The Tolstoy House used to be a part of the architectural ensemble that was designed and partly built by Tolstoy’s grandfather Prince Nikolai Volkonsky and finished by the writer’s father Count Nikolai Tolstoy. Leo Tolstoy moved into this house in 1856, after he left the army, as the large manor house had already been sold and removed from Yasnaya Polyana by that time. In 1862 Tolstoy brought his young wife Sophia to this house. And it was here that most of his children were born (11 of the 13 children born into the family).
As time went by, the house became too small for the growing family, and Leo Tolstoy decided to add more rooms to it. In 1871 the construction of the extension of the southern side of the house began. On February 20, 1872 Tolstoy wrote to his friend, the poet Afanasiy Fet: «... you won’t recognize our house: we have been using the new extension all winter long». Upstairs a spacious dining room with six windows appeared. Now all the family and numerous guests gathered here. The downstairs part of the extension included a new entrance hall with the staircase leading to the upper floor, and one more room, which Tolstoy decided to use as his new study. It was the study where the novel Anna Karenina was written from beginning to end.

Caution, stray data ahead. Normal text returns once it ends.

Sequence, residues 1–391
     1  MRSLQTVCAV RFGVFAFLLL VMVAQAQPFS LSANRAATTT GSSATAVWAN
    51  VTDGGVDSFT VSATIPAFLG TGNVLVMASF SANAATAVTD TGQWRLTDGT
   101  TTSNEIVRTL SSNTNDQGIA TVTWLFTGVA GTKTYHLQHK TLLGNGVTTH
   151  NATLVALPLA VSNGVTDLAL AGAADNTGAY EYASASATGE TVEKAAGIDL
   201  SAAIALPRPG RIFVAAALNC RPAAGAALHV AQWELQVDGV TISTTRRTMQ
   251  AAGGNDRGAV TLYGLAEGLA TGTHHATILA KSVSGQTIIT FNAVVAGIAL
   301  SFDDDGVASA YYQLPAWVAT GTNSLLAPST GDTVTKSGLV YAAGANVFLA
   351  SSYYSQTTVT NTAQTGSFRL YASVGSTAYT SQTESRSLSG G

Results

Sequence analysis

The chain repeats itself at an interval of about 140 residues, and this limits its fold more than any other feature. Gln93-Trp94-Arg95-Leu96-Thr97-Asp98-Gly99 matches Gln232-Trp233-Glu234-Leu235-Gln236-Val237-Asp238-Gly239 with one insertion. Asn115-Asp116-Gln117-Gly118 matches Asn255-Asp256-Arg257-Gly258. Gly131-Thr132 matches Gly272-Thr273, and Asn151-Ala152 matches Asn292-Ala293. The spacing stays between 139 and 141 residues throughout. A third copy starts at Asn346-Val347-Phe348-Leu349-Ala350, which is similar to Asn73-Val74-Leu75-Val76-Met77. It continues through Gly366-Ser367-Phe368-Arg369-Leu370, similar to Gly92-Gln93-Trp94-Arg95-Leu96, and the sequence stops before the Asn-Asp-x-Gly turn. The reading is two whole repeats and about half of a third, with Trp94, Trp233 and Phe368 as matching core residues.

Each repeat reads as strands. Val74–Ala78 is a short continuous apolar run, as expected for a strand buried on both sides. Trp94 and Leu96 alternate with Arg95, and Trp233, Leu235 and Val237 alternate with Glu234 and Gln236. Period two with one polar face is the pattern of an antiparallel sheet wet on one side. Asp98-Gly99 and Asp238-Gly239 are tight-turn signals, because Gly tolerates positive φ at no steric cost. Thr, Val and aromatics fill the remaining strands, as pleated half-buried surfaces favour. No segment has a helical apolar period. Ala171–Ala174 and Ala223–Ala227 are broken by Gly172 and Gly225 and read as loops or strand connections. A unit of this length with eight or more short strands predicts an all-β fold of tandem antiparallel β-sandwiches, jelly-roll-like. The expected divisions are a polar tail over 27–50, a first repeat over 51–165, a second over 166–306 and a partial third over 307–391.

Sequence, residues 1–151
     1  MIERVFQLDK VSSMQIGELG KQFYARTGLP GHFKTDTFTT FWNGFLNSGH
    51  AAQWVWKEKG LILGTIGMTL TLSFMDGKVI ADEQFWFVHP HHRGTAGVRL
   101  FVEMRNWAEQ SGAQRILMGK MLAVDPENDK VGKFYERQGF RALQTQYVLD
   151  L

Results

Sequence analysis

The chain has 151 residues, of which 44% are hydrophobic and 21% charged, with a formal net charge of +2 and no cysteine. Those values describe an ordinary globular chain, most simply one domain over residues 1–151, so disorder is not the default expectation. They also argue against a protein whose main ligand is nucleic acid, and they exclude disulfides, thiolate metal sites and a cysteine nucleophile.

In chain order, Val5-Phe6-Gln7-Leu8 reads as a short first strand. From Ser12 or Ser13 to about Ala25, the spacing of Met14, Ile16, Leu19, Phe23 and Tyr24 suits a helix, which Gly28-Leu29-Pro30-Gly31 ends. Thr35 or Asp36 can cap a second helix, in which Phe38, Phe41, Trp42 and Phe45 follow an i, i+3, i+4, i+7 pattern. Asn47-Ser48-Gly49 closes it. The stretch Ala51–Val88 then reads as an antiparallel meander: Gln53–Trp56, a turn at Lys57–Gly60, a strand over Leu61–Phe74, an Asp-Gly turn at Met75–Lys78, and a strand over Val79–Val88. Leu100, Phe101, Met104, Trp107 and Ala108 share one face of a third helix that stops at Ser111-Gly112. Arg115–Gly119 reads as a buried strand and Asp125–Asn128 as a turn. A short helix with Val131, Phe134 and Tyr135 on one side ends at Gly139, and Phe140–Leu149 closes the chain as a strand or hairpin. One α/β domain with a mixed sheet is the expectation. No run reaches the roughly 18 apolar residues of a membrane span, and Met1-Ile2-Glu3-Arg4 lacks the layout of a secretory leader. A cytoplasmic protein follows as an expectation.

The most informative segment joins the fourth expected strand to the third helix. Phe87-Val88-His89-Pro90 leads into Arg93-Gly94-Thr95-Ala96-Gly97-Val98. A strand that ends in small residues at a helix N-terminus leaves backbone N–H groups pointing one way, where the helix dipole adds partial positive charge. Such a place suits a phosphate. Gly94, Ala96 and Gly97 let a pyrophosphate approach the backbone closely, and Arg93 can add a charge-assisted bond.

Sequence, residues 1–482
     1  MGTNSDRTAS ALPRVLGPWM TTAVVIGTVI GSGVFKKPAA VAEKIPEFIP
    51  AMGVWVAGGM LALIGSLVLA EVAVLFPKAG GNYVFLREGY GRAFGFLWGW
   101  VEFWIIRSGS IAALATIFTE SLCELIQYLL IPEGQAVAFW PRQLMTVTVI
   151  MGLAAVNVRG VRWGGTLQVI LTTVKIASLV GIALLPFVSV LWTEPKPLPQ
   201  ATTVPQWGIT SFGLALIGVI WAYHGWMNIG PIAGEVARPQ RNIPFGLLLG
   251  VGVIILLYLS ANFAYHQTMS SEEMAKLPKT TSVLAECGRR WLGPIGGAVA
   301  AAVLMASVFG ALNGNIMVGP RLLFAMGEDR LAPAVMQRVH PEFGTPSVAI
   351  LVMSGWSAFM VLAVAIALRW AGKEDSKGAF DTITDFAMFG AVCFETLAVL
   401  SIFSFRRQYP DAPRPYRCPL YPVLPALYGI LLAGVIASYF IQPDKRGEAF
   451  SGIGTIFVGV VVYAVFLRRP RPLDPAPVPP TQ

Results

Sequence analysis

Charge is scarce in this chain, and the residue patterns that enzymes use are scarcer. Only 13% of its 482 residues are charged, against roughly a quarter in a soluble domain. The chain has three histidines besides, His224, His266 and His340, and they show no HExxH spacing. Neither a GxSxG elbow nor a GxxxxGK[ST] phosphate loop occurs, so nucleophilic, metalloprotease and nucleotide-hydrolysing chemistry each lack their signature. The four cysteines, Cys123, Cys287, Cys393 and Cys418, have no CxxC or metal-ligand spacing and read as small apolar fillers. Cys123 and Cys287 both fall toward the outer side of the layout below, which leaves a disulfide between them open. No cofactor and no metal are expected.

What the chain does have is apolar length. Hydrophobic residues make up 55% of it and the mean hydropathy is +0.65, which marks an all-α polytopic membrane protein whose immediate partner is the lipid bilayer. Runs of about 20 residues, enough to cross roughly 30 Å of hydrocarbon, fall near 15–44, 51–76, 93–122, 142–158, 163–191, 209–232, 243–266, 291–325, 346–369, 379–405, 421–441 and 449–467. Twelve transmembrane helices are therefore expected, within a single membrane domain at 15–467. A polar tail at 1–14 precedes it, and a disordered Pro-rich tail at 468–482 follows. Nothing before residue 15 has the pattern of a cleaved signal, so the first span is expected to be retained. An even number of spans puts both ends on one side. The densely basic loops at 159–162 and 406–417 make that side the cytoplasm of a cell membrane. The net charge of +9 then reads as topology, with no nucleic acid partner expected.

The last extension was built on the opposite side of the house, facing the “Wedges” Park, and it was finished in 1894. Now the house was completed.
Leo Tolstoy lived in this house for over 50 years. All the objects, books, and paintings in it are original; they used to belong to Tolstoy himself and to his family and ancestors. The interior of the house is kept as it was in 1910, the last year of Tolstoy’s life.
There are flower beds around the house. Tolstoy’s wife Sophia was very fond of flowers and she liked to look after them herself. Her favourite flowers are still grown in these flower beds.
«We were sitting in the veranda, preparing for tea. By this time the garden was all green, and the nightingales had taken up their quarters for the whole of St. Peter's Fast in the leafy borders. The tops of the round lilac bushes had a sprinkling of white and purple - a sign that their flowers were ready to open. The foliage of the birch avenue was all transparent in the light of the setting sun. In the veranda there was shade and freshness» (Leo Tolstoy. Family Happiness).